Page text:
A query that performs multiple statistics queries over a series of fixed-length time intervals, and returns the results.
- iOS 8.0+
- Mac Catalyst 13.0+
- watchOS 2.0+
Statistics collection queries are often used to produce data for graphs and charts. For example, you might create a statistics collection query that calculates the total number of steps for each day or the average heart rate for each hour. Like observer queries, collection queries can also act as long-running queries, receiving updates when matching samples are added to or removed from the HealthKit store.
Statistics collection queries use an anchor point and a time interval to partition the set of matching samples into collections. The anchor point defines an arbitrary starting point. The position of this point often does not matter. It could be in the future or in the past. Time intervals will extend away from this anchor point in both directions.
For example, if you use a 1-day time interval, the anchor point defines the time when each collection begins. The exact date for the anchor point doesn’t matter. It could be 3:34 am, January 1, 1970 or 3:34 am, March 15, 2065. In both cases, the statistics collection query partitions the matching samples into days, starting each day at 3:34 am.
You can use statistics collection queries only with quantity samples. If you want to calculate statistics over workouts or correlation samples, you must perform the appropriate query and process the data yourself.
Statistics collection queries are mostly immutable. You can assign the query’s
statistics properties after instantiating the object. All other properties must be set when you instantiate the object, and they cannot change.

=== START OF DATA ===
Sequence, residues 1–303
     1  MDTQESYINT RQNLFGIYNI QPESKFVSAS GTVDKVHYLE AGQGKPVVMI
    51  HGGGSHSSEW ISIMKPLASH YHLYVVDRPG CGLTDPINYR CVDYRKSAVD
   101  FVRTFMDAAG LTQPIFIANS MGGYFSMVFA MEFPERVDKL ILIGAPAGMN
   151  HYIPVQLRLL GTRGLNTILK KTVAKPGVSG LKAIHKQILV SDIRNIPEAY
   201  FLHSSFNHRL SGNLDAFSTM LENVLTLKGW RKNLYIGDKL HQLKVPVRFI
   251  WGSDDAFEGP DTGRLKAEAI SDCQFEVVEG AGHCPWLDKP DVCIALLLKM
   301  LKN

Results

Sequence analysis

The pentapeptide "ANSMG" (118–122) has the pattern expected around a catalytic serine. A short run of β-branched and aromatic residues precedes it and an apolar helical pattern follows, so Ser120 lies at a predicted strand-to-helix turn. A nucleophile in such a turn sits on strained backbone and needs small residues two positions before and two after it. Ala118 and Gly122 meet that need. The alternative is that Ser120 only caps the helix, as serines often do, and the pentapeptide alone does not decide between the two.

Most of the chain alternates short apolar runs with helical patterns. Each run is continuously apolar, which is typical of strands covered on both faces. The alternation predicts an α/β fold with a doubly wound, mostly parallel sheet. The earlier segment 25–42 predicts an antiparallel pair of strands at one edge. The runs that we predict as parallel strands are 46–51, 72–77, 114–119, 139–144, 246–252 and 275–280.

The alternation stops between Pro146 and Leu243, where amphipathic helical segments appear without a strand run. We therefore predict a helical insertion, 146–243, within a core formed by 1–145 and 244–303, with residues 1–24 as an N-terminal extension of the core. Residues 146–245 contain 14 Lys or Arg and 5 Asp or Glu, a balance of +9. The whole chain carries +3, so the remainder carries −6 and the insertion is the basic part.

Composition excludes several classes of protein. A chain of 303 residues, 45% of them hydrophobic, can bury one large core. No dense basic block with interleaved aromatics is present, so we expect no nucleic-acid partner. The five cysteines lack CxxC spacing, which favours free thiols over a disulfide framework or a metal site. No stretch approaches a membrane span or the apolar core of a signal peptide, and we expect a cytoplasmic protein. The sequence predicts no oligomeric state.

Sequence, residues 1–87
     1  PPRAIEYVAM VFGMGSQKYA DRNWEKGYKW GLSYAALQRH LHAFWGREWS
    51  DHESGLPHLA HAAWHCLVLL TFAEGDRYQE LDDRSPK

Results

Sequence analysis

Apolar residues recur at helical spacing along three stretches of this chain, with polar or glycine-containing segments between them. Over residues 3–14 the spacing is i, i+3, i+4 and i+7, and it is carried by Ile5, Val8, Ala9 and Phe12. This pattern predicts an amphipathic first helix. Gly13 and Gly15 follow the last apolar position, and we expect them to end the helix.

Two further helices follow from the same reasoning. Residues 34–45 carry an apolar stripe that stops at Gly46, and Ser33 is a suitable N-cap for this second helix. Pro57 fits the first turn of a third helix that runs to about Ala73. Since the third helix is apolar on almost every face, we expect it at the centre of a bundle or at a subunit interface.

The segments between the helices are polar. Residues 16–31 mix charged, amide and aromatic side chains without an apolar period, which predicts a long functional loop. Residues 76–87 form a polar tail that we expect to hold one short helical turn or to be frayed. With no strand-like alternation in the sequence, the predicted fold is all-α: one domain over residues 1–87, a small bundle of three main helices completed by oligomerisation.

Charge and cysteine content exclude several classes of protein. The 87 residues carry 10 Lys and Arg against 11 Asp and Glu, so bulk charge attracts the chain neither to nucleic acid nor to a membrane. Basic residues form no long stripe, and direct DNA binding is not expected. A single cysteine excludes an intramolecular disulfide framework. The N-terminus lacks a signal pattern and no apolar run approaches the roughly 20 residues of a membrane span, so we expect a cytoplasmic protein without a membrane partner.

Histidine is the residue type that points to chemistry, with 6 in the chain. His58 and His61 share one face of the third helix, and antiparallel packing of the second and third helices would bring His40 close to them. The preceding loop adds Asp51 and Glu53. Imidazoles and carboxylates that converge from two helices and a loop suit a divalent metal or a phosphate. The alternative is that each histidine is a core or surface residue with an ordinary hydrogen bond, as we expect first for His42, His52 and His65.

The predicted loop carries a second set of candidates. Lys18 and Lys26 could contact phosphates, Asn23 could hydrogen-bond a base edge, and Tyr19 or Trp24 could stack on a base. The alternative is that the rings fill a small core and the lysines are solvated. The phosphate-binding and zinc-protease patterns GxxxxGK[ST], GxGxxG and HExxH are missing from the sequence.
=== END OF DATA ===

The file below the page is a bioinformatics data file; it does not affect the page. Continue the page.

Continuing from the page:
For more information about statistics queries, see
Executing Statistics Queries
You create a sample query by calling the
statistics initializer. After the query is instantiated, you run it by calling the health store’s
execute(_:) method. This method runs the query on a anonymous background queue. When the query is complete, it executes the results handler on the same background queue (but not necessarily on the same thread). Typically, you dispatch these results back to the main queue to update your user interface.
The following sample code shows how to build a statistics collection query and process the results.
This sample demonstrates calculating per-week step totals using a statistics collection query. This code starts by creating a 1-week time interval. Next, it sets the anchor date to Monday morning at 3:00 a.m. Because the interval is 1 week long, the anchor’s exact date doesn’t matter. Each set of statistics represents exactly 1 week, starting on Monday at 3:00 a.m.
Next, the sample creates the quantity type for step counts and then creates the query itself. In contrast with how you create other queries, you do not set the callback block when you instantiate a statistics collection query. Instead, you can either set the initial result handler or the statistics update handler (or both) as needed for your app. In this case, the sample code just sets the initial results handler, letting it calculate statistics over the samples currently stored in HealthKit.
Inside the result handler’s block, the code checks to see whether an error has occurred. If it doesn’t find an error, it calculates the start and end times for a 3-month window and then iterates over all the time intervals in that window. The statistics collection passes the enumeration block a statistics object for each time interval between the start and end dates. However, if the time interval does not contain any samples, the provided statistics’s
sum method returns
nil. Therefore, the sample must check to see whether it has a valid quantity. If it does, it plots the data; otherwise, it simply skips that time interval.
Since we did not provide an update results handler, when the initial results block is done processing the data, the query stops automatically. If we had provided an update manager, the statistics collection query would continue to monitor the HealthKit store after it had generated the initial results.
After the sample defines the result handler’s block, the query is complete. The sample code simply executes this query using the HealthKit store.